Offline rebekahc

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Re: App for Parents of Kids with Severe Allergies
« Reply #2 on: August 09, 2013, 04:44:57 PM »
I'm working on an app for parents of kids with severe allergies and I was hoping I could get some thoughts on the concept.

In an emergency the app lets people alert nearby off-duty EMTs, medical personnel, and other responders who can quickly provide aid.  In addition, this builds a network of people with EpiPens who can be alerted if someone nearby is going into anaphylactic shock. 

I would love to hear your thoughts whenever you have a free moment.

Thanks in advanced everyone!
-Jim

People with allergies shouldn't need a network of people with EpiPens, they should have their own.  Plus, why would an off duty EMT/medical personnel/responders carry EpiPens?  And how would I know they had stored them properly?  The allergic (or a caregiver for the very young) should be able to administer epi to themselves - that's kind of the point of an autoinjector.  If they were incapacitated such that they couldn't use the pen, how would they use the app?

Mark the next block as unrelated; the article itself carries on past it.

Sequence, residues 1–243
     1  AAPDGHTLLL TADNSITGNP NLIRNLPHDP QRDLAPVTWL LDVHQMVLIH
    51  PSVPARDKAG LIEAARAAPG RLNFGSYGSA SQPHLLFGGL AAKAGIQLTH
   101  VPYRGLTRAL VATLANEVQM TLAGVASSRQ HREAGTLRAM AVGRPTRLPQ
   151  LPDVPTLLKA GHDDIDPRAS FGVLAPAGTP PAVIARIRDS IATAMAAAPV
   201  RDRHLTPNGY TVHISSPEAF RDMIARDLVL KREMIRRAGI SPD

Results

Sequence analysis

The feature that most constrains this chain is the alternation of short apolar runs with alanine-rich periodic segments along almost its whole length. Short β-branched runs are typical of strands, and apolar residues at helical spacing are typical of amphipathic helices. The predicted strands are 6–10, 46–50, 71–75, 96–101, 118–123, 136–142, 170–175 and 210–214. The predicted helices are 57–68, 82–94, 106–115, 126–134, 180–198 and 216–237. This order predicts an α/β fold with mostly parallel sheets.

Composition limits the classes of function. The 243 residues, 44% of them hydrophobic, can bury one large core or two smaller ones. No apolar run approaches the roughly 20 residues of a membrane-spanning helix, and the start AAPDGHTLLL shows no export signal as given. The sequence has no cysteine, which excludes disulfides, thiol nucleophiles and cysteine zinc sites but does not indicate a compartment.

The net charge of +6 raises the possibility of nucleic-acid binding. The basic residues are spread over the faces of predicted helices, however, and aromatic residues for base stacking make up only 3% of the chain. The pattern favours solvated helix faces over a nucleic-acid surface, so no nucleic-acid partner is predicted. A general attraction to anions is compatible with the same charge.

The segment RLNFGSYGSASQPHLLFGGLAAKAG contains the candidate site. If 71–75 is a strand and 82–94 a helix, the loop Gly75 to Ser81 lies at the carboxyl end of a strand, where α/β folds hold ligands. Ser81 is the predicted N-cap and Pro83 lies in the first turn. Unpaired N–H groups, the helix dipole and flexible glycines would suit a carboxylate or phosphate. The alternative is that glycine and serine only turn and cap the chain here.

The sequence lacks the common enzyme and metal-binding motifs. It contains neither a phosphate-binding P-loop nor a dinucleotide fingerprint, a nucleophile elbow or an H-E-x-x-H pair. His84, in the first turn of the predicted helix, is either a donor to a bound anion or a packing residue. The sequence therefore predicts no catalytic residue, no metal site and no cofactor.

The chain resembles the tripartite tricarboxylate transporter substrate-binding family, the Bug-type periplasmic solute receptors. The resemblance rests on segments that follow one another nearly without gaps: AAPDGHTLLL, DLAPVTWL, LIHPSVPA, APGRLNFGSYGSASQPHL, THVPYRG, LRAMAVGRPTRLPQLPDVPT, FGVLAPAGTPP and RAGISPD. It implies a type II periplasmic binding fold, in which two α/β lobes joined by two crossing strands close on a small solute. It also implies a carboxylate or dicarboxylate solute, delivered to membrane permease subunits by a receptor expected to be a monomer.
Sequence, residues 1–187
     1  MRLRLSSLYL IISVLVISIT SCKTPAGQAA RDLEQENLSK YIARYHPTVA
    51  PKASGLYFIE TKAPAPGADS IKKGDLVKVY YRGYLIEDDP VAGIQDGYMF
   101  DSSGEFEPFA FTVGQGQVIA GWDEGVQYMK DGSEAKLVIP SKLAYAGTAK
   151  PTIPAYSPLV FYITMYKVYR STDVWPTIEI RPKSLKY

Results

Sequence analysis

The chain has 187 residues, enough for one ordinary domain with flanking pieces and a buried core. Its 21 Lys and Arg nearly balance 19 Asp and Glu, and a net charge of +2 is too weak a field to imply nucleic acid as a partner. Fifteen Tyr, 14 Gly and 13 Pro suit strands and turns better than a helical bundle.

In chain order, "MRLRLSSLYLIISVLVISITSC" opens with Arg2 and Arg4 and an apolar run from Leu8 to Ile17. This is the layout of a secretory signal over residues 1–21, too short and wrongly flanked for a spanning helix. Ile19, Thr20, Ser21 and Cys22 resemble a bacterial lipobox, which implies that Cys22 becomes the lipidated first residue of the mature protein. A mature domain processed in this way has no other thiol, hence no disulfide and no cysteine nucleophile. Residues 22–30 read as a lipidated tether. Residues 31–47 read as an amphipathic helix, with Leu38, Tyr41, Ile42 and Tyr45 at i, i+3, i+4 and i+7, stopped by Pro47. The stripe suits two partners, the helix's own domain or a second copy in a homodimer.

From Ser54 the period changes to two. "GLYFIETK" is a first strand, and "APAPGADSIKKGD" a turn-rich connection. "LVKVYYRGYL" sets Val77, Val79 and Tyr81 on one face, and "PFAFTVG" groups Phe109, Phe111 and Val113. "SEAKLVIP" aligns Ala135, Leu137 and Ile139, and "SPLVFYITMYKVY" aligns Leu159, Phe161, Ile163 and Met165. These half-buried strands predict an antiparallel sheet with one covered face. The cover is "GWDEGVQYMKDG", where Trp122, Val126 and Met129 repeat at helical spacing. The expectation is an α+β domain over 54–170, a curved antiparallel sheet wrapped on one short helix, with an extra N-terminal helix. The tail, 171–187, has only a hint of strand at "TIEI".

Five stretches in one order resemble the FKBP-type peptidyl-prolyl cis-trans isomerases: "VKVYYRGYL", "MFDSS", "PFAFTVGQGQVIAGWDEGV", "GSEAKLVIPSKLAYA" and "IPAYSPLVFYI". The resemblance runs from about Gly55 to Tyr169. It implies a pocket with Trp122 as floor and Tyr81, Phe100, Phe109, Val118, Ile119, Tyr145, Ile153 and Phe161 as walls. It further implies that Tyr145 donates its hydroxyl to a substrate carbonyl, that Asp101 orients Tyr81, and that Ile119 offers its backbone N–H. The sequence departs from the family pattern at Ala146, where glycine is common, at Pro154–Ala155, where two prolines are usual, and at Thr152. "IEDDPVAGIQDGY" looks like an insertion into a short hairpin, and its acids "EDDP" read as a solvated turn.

TX - USA
DS - peanut, tree nut, milk, eggs, corn, soy, several meds, many environmentals. Finally back on Xolair!
DD - mystery anaphylaxis, shellfish.
DH - banana/avocado, aspirin.  Asthma.
Me - peanut, tree nut, shellfish, banana/avocado/latex,  some meds.

Jim

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Re: App for Parents of Kids with Severe Allergies
« Reply #3 on: August 12, 2013, 01:58:17 PM »
Thanks for awesome replies rebekahc and twinturbo!!  Your feedback really helps a lot!

Also sorry for the slow response, I thought that I would be emailed if I got a reply.  I'll check these threads more frequently from now on.

twinturbo